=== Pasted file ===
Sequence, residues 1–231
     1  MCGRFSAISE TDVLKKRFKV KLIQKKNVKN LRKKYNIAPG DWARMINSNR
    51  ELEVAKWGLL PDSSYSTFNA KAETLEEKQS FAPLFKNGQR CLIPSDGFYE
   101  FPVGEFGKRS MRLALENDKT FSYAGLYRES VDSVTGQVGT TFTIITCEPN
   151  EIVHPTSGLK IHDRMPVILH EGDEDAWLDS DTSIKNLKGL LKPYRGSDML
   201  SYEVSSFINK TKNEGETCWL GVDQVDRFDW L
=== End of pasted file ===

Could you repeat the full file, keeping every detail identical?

Sequence, residues 1–231
     1  MCGRFSAISE TDVLKKRFKV KLIQKKNVKN LRKKYNIAPG DWARMINSNR
    51  ELEVAKWGLL PDSSYSTFNA KAETLEEKQS FAPLFKNGQR CLIPSDGFYE
   101  FPVGEFGKRS MRLALENDKT FSYAGLYRES VDSVTGQVGT TFTIITCEPN
   151  EIVHPTSGLK IHDRMPVILH EGDEDAWLDS DTSIKNLKGL LKPYRGSDML
   201  SYEVSSFINK TKNEGETCWL GVDQVDRFDW L